A Glass Work In Progress | Part II
Questions And Answers – A Conversation with Mike Leckie, Sculptor
MAY 21 – 2007
Q: Why is cleaning the mold important?
Mike: I use water based clay. Any powder from the clay is an enemy of the wax because it will stay as a residue on the inside of the mold when the wax melts out. Any little piece of dirt in the mold comes out as a negative pit in the glass.
Q: What kind of wax do you use?
Mike: It’s called pattern wax and I buy it from a foundry supply house. It is a little more like plastic than wax people are familiar with because this one doesn’t shrink as much as the other waxes.
Q: Why is that important?
Mike: You want to be able to hold all the detail and all the edges of the piece you’ve just created. If you lose them they won’t end up in the final piece. What you want to end up with is an exact replica. You want the wax to have as crisp edges and as good a surface as you want in the final piece.
Q: Is there a trick to pouring wax into the mold?
Mike: Yes (chuckling) there are several tricks. There are people who make a complete career out of pouring wax. Wax should be at appropriate temperature. You have to have your mold warm. If you…pour, stop….pour, stop…pour, stop you get a bunch of lines called chill lines that look like lines in a piece of wood.
You want your wax to have no bubbles when you pour and you want to pour slowly and carefully. If you get a little wild and splash wax you get bubbles and the bubbles will all show up in the surface of your piece. You don’t want that.
I pour in a small amount and then roll it around on the inside of the mold and get a real good surface coat. Some people fill up the mold. There’s less possibility of spilling a lot of wax the way I do it.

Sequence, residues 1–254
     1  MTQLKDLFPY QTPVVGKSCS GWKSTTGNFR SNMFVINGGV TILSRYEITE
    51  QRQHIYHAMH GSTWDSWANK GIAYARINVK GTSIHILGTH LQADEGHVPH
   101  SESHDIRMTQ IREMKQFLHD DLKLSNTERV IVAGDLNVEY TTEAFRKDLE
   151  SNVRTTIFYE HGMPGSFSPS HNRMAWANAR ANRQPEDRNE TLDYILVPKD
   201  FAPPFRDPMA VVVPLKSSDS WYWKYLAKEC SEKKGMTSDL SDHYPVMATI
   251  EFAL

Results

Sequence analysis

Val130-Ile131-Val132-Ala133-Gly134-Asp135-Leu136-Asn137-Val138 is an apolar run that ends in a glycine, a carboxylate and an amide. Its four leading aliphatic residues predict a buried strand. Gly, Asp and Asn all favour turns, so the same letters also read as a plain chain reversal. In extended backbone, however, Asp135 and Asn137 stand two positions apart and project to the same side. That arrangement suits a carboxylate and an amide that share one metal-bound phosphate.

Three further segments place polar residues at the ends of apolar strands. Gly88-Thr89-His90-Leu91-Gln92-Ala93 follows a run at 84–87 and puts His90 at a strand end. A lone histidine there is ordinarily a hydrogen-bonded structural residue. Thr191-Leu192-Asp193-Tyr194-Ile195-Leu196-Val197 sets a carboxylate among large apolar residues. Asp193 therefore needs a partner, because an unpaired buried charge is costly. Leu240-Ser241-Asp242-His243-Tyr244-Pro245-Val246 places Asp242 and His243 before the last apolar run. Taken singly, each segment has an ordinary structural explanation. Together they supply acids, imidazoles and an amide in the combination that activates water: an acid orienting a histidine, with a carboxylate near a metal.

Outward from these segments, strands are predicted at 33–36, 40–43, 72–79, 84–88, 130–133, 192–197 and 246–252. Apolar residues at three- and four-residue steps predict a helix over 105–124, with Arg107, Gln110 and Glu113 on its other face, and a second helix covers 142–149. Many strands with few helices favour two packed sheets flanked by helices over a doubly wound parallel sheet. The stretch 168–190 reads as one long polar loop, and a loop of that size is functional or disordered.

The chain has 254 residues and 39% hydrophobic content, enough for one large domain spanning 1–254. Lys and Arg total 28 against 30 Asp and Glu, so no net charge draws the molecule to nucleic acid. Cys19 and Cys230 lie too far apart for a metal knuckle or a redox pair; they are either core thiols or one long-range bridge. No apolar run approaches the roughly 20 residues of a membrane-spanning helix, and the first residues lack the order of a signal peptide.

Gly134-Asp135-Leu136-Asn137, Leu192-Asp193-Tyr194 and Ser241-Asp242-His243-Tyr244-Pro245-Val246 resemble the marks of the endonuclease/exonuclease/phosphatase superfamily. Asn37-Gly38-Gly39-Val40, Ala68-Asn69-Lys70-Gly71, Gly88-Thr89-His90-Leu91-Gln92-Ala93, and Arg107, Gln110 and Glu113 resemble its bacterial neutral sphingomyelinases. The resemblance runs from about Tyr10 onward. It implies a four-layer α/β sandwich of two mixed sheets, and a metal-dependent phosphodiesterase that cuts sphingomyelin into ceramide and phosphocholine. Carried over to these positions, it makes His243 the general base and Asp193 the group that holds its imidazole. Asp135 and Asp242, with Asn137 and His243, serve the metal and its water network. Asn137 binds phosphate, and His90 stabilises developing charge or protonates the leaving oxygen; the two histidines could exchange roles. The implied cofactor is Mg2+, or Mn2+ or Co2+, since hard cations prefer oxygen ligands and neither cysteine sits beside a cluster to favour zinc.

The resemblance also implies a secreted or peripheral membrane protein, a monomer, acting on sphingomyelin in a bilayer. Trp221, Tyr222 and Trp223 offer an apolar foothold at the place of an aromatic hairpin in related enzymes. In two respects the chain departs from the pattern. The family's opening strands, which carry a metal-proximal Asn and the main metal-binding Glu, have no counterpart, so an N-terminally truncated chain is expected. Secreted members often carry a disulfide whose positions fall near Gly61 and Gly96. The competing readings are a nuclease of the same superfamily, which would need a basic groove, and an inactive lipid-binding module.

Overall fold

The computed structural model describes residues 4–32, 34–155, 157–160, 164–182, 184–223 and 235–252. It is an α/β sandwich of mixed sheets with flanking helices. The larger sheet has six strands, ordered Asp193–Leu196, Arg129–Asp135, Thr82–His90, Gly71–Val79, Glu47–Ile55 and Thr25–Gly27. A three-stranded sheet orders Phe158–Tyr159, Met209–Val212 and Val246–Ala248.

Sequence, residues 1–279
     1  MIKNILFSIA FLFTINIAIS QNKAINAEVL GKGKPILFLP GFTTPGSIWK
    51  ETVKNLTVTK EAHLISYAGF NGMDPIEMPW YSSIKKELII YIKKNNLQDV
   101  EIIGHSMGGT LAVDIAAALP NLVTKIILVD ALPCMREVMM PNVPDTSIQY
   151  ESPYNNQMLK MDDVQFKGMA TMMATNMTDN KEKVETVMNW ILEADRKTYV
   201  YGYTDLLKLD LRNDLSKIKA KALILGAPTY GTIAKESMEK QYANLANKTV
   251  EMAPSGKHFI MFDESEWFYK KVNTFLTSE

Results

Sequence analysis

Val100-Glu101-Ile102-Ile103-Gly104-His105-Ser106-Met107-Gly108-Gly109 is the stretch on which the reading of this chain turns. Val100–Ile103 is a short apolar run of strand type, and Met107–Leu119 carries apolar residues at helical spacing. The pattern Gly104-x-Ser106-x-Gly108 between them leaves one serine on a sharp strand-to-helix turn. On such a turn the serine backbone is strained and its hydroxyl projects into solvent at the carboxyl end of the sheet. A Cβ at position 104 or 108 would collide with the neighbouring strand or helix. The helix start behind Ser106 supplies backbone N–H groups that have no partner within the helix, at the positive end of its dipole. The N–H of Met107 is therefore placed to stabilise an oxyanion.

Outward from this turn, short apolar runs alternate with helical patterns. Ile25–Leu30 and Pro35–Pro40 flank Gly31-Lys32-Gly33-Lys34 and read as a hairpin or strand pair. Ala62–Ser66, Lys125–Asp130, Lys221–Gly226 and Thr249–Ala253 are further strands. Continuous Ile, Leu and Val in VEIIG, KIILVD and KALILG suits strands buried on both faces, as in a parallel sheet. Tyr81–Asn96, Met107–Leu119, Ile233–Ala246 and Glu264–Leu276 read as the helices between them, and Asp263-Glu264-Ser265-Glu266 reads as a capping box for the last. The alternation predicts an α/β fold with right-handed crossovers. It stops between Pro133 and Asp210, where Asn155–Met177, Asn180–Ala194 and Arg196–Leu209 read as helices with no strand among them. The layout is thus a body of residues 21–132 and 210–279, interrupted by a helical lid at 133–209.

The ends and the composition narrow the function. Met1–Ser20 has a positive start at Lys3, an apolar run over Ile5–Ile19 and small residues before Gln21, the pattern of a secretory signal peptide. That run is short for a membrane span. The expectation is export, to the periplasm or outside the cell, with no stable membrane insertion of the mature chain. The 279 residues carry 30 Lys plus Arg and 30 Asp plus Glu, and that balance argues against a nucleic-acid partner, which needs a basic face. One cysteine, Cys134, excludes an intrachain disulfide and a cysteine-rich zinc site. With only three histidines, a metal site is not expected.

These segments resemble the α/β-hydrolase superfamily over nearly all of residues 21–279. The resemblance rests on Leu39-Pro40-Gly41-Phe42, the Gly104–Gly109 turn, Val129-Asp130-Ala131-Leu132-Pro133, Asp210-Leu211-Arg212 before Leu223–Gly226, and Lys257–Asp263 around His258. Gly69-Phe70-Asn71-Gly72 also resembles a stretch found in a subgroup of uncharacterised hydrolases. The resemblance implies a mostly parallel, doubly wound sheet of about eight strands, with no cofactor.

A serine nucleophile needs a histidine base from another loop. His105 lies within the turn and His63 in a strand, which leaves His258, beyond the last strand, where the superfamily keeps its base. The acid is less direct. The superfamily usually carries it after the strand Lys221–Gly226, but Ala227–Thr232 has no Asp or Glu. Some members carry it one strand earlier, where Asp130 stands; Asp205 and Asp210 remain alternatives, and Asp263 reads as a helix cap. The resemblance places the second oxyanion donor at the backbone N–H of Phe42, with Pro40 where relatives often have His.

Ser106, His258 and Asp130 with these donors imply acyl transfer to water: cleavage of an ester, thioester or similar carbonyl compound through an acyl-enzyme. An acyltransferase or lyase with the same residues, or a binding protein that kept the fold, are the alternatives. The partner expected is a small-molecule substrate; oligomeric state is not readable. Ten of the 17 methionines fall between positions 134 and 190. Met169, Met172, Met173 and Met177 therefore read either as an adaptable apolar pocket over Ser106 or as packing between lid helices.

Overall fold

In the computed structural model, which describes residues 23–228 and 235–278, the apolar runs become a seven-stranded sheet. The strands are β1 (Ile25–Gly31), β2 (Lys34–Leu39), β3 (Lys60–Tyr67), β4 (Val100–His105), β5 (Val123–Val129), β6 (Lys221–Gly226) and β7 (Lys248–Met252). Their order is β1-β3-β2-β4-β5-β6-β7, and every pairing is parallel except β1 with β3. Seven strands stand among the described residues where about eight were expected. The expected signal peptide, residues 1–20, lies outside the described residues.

Q: What was it like taking the rubber off and seeing what was behind it?
Mike: It’s a quiet thrill because I get to look at the standing art for the first time because it’s been laying down and I don’t get to see it standing up until that moment. That’s a thrill, but the quiet part is that I’m very aware that there is a lot of process left to go. There are still six more processes left to go before we end up with glass.
The reason we make the wax model is that this is the lost wax casting process. Lost wax is very old. It’s called lost because the wax leaves the mold and leaves a perfect impression that then is filled with metal or glass. It’s a very ancient technique, mostly used in metal, making a plaster mold around wax, melting it out and pouring metal in the hot mold.. An old technique of making a plaster mold around wax, melting it out and putting wax in there. We’re talking thousands of years.
I do it that way because the detail that you can attain from the wax model that’s copied by the plaster mold is very tight…extreme detail. This very same thing is being done to cast gold jewelry around African campfires using beeswax and mud.